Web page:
EPA spending

The Senate budget plan may ultimately help EPA avoid severe budget cuts sought by the Trump White House.

It would propose spending $516 billion for non-defense programs in fiscal 2018, which is $5 billion more than called for in the House-backed budget.

The Senate plan would also cap defense spending at $549 billion, far below the $619 billion sought by the House for Pentagon accounts.

The Senate’s call for more domestic dollars and less for defense is seen as an opening bid in what are expected to be intense negotiations in the coming weeks over a final fiscal 2018 spending package due in December.

It signals there’s a modest appetite in at least one chamber of Congress for increasing domestic dollars. And EPA, which the White House wants to cut by 31 percent in fiscal 2018, may benefit from any Senate push for more spending on domestic agencies. Senators from both parties have already suggested proposed EPA cuts go too far and won’t stand.

A looming renewable, energy tax fight

If Republicans are successful in adopting their budget, it jump-starts the first major tax code overhaul in more than 30 years and will set off frenzied lobbying by energy advocates to preserve favorable breaks.

Like ANWR, the GOP is moving the broad outlines of the tax proposal as part of the budget to avoid a filibuster, knowing there is solid Democratic opposition to plans for $1.5 trillion in breaks over the next decade.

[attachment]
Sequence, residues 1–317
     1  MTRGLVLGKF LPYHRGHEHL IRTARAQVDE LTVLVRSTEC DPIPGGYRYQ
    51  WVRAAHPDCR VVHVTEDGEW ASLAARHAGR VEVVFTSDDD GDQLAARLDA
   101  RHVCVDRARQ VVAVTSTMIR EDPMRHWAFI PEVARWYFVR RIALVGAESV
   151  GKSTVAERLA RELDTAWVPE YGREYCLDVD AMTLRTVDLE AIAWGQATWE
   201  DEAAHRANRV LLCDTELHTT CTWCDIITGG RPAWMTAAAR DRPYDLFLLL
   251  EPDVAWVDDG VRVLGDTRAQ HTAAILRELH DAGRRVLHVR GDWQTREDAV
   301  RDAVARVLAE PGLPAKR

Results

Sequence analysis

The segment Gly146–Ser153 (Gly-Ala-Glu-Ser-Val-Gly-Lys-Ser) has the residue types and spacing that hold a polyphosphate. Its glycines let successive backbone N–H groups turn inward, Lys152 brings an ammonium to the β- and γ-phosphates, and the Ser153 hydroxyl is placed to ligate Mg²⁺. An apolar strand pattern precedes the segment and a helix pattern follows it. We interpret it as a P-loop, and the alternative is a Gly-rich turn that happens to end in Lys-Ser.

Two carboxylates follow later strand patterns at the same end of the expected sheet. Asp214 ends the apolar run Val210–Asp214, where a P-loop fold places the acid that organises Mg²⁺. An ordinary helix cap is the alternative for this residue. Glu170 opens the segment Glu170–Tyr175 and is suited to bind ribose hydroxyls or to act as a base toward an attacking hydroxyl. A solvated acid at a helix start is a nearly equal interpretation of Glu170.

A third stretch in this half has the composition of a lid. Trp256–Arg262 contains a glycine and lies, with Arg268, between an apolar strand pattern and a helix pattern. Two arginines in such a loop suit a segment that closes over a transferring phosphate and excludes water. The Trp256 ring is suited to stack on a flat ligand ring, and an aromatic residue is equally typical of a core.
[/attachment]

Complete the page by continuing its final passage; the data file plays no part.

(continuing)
The Ways and Means Committee is expected to fill in the details with legislation later this fall that will seek steep cuts in corporate rates that could come at the expense of ending renewable credits and other breaks.

GOP leaders and the White House have said they want the tax bill signed into law by year’s end.

Many Republicans would prefer to do away with renewable tax breaks, which are unpopular with their allies in the fossil fuel industry.

But less clear is whether they will go after allowances like the intangible drilling cost deduction, which significant portions of the energy lobby are eager to retain.

One Republican, Sen. John Hoeven of North Dakota, is looking to use the budget to preserve a favored tax break. He’s filed an amendment that would allow for the extension of the refined coal tax credit, with a tweak to allow nonprofit electricity generators to monetize the incentive.

Reporters Geof Koss and Kellie Lunney contributed.